I found a way to have a password for my Keepass vault that is easy to remember but at the same time virtually impossible to break which I named algorithmic passwords. To construct my password, I'm using a python shell. The basis for my password is a power tower which is a form of function that grows incredibly fast with few operations and numbers. For ...


3

While it is safer to make complicated passwords, I always recommend making them easy at the same time, and also have a uniqueness per website. The only way this would be a vulnerability is if you fall for a phishing scam, which is why it is important to have multiple ways to recover your email address, because your email is your way to recover other ...


4

Using a complex password for a single secure site is like using a special lock on your apartment door, which makes opening the door take longer and protects you better from 1% of all burglars Most answers deal with all kinds of attack scenarios, which could compromise your password, but to decide if a smaller password (6 Characters) is sufficient if you use ...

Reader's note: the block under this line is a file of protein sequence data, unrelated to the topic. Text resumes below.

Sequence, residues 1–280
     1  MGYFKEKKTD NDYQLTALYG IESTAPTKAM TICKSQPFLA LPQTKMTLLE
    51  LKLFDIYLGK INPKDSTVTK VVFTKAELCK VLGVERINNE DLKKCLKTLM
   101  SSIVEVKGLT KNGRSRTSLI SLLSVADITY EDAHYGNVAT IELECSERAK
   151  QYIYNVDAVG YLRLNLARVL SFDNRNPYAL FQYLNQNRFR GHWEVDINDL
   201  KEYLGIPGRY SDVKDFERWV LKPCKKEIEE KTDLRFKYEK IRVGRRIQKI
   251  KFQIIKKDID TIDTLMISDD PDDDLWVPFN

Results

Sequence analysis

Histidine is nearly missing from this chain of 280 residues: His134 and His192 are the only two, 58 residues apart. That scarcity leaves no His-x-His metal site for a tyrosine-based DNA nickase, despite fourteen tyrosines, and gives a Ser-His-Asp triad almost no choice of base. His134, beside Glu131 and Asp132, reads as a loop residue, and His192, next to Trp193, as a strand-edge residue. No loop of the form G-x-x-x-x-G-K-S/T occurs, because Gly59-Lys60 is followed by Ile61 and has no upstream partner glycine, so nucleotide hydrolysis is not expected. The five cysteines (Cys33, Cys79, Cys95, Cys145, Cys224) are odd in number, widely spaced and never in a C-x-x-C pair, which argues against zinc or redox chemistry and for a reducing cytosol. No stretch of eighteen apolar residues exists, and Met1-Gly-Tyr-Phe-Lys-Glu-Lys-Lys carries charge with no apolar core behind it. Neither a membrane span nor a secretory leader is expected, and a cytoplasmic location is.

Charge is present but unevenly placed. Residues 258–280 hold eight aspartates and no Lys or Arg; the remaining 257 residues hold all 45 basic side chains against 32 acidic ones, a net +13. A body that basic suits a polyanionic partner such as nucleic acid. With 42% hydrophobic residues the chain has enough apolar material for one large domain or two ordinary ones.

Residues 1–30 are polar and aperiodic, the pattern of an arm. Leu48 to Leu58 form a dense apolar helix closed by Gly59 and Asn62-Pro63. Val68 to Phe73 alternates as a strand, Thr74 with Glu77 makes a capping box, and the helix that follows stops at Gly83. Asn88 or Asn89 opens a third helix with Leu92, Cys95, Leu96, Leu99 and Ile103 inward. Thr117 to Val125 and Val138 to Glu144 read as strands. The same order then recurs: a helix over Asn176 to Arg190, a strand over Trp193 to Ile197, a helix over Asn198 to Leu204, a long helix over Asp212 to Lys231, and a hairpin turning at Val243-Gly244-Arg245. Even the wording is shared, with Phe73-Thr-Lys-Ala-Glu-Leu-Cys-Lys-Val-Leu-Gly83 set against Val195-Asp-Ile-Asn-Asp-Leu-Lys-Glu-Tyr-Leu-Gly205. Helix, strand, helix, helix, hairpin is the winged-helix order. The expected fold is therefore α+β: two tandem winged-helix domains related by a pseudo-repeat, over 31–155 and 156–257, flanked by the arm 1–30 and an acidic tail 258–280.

2

I do very similar, and the way I see it there are two major potential points of failure and I don't really have a good solution for one of them. First major risk is that LastPass itself is hacked and it's data dumped. While data is encrypted locally, my password used to encrypt that data is not very strong. LastPass has recognized that entering in a strong ...


4

There are issues with a couple of your assumptions. 309 million is a laughably small number if there is an offline attack. And on an offline attack, even with a good salt, the attacker will go after the low hanging fruit first. Ie. find the passwords that are in the dictionary, then the short passwords, then other simple passwords. How much of a problem ...


3

The UUID of your cellphone isn't a meaningful second factor as it can be spoofed. On the long passwords, it is reasonably secure to use long, sentence based passwords, but the amount of security provided drops DRASTICALLY if it has anything to do with what you are connecting to. It may still seem hard to guess, but establishing a relationship rather than ...